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NEW YORK--Three former top RenaissanceRe Holdings Ltd. executives were charged by federal regulators Wednesday with securities fraud for allegedly orchestrating a finite reinsurance scheme that regulators say was designed to smooth company earnings and mislead investors.
The Securities and Exchange Commission's complaint, filed in a Manhattan federal court, charges that RenaissanceRe's former chairman and chief executive officer, James N. Stanard--along with former Controller Martin J. Merritt and former Senior Vp Michael W. Cash--structured and carried out a two-part reinsurance transaction with Inter-Ocean Reinsurance Co. Ltd. to smooth and defer $26.2 million of Pembroke, Bermuda-based RenaissanceRe's earnings from 2001 to 2002 and 2003.
Inter-Ocean, a Bermuda-based finite risk reinsurer previously managed by American Reinsurance Co., went into runoff in early 2005.
The purpose of the two separate but related contracts, according to the complaint, was "to store excess earnings so that RenRe could draw on them if the company incurred large insurance losses in the future.
The impetus of the deal was an e-mail sent by Mr. Standard to Messrs. Merritt, Cash and others asking them to try to "structure a ceded contract that allows us to 'put away' $25 million," the suit says.
Additionally, the former officers knowingly misrepresented or omitted key facts surrounding the deal--including its lack of risk transfer and income-smoothing purpose--to mislead the company's auditors, the complaint alleges.
The civil enforcement action by the SEC follows so-called "Wells notices" issued by the agency last year to Messrs. Stanard and Cash and to RenaissanceRe itself, and seeks permanent injunctive relief; disgorgement of ill-gotten gains, if any, plus prejudgment interest; civil monetary penalties; and orders barring each defendant from acting as an officer or director of any public company.
Wells notices indicate that SEC officials plan to recommend that the agency levy charges of violating federal securities laws.
Of the three individuals charged in the complaint, only Mr. Merritt--who according to his attorney Robert Plotkin was never a Wells notice recipient--agreed to simultaneously enter a partial settlement of the commission's claims against him, the SEC said.
As part of his settlement agreement, Mr. Merritt consented to the entry of an anti-fraud injunction and other relief but neither admitted nor denied any wrongdoing.
"He is happy to have this resolved and move on with his life," said Mr. Plotkin, an attorney with the Washington-based law firm McGuire Woods L.L.P. Mr. Merritt could still face potential monetary penalties from the SEC, Mr. Plotkin noted.
In a statement, Mr. Stanard's attorney, James D. Mathias, of DLA Piper U.S. L.L.P., denied any wrongdoing by his client, noting that Mr. Stanard engaged in due diligence with regulators following the discovery of RenaissanceRe's accounting errors.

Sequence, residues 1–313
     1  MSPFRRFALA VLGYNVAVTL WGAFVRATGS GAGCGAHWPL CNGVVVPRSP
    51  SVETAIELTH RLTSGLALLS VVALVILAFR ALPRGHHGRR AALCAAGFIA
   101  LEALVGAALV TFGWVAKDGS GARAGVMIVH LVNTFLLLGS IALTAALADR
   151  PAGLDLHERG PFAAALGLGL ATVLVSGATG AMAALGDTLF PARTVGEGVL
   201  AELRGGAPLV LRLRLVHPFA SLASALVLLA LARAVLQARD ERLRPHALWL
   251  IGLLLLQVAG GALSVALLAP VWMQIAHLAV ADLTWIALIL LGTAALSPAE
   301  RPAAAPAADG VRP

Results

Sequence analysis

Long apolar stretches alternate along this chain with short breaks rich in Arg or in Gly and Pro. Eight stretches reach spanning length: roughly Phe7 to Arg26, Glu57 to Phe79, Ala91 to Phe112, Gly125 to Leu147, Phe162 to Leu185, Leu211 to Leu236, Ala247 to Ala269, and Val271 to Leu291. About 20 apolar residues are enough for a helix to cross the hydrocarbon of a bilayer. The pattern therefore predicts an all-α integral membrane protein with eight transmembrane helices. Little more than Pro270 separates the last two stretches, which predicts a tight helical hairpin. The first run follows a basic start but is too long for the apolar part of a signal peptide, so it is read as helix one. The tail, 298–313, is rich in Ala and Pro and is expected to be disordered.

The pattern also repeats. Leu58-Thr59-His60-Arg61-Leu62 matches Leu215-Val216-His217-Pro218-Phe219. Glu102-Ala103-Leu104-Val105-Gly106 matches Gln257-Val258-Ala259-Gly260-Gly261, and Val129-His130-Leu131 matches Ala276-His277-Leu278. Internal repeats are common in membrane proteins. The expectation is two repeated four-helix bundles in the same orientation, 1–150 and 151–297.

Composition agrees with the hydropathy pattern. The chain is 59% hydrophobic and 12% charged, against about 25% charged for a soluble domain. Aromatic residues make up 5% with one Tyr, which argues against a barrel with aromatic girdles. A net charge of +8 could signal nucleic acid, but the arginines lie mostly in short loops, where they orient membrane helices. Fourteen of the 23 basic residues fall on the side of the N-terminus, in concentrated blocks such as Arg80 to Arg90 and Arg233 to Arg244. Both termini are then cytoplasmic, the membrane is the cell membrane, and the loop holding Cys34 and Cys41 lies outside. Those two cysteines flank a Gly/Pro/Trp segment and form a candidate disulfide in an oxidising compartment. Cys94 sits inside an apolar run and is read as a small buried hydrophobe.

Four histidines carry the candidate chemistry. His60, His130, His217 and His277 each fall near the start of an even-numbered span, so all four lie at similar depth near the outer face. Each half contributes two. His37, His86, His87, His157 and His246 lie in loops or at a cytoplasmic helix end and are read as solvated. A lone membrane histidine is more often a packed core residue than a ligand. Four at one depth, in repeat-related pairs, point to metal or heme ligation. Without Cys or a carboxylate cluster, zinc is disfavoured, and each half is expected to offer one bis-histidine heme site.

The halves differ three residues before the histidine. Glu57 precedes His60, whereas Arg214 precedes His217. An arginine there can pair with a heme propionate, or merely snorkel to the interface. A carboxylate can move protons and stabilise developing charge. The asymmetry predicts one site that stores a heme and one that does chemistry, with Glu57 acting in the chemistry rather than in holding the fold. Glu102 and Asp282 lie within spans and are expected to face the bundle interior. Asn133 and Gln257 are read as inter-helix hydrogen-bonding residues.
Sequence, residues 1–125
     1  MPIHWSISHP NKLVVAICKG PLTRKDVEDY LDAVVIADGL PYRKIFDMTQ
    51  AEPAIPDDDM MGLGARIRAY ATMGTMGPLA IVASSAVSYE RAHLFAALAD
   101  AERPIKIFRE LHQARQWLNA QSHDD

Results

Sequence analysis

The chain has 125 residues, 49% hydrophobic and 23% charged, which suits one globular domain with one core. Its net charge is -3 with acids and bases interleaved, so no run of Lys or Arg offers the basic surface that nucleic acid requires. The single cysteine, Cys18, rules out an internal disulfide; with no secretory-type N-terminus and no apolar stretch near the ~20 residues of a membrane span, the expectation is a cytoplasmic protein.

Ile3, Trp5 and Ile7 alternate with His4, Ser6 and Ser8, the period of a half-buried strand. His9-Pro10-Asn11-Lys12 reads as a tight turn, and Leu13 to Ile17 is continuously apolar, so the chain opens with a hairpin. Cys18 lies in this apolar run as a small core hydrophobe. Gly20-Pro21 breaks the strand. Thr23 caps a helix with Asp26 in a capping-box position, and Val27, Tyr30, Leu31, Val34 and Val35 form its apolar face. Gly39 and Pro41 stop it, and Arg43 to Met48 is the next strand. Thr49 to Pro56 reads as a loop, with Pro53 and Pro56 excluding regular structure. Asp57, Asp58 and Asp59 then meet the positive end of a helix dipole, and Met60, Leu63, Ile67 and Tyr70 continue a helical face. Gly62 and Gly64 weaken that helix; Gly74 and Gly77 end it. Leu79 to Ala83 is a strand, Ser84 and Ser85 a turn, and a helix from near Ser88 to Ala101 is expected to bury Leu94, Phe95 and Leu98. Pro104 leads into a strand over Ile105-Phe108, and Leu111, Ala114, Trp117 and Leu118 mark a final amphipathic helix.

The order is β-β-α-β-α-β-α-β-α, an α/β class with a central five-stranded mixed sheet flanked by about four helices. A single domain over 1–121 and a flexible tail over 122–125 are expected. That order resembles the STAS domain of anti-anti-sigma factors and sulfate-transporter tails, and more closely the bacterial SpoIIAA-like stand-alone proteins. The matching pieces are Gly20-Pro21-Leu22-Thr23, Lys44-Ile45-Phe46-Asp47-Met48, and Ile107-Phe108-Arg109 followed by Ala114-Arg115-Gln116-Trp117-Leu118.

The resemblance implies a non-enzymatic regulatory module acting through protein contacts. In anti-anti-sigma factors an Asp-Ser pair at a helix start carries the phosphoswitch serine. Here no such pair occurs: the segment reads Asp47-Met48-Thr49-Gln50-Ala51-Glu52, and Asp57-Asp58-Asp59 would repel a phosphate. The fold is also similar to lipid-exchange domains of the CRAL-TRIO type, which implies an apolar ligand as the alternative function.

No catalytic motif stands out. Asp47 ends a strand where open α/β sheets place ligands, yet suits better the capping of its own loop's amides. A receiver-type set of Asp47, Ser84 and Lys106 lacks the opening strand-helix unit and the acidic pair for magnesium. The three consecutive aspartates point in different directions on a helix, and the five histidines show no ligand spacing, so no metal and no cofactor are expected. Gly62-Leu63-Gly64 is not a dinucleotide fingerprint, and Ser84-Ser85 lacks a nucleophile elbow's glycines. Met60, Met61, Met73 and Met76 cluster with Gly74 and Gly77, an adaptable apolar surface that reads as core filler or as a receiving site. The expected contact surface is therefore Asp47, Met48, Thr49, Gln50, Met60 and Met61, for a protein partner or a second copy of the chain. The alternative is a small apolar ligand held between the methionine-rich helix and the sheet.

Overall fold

"Mr. Stanard did not commit fraud or engage in any misconduct. While we are disappointed that the SEC has made these allegations, Mr. Stanard looks forward to the opportunity to vindicate himself," Mr. Mathias said.
"The single, two-part 2001 transaction that is the subject of the SEC complaint was restated in February 2005 at Mr. Stanard's direction after an internal investigation, voluntarily initiated by Mr. Stanard, of RenRe's reinsurance contracts and business practices found only one transaction that was incorrectly accounted for, out of thousands that were subject to the review. Mr. Stanard and Renaissance brought this transaction to the SEC's attention, and Mr. Stanard has cooperated fully throughout the resulting government investigation," he said.
"The independent directors of RenRe's board, advised by the law firm that conducted the internal investigation, concluded that the single accounting error was the result of mistakes, not misconduct," Mr. Mathias said. Representatives for Mr. Cash issued a statement denying the allegations in the SEC's complaint.
"Indeed, Mr. Cash was never responsible for RenRe's publicly filed financial statements. He should not have been named as a defendant in this case," the statement said.
"This is another case arising from our ongoing investigation of the misuse of finite reinsurance to commit securities fraud," Mark K. Schonfeld, director of the SEC's Northeast Regional Office, said in a statement. "The defendants enabled RenRe to take excess revenue from one good year and, in effect, 'park' it with a counterparty so it would be available to bring back in a future year when the company's financial picture was not as bright."
RenaissanceRe--which in July said it made a $15 million settlement offer to the SEC related to the agency's investigation of the company's February 2005 restatement of earnings--on Wednesday said it does not expect any impact against the company as a result of the charges leveled against its former officers.
The SEC staff has recommended the proposed settlement to SEC commissioners, RenaissanceRe said.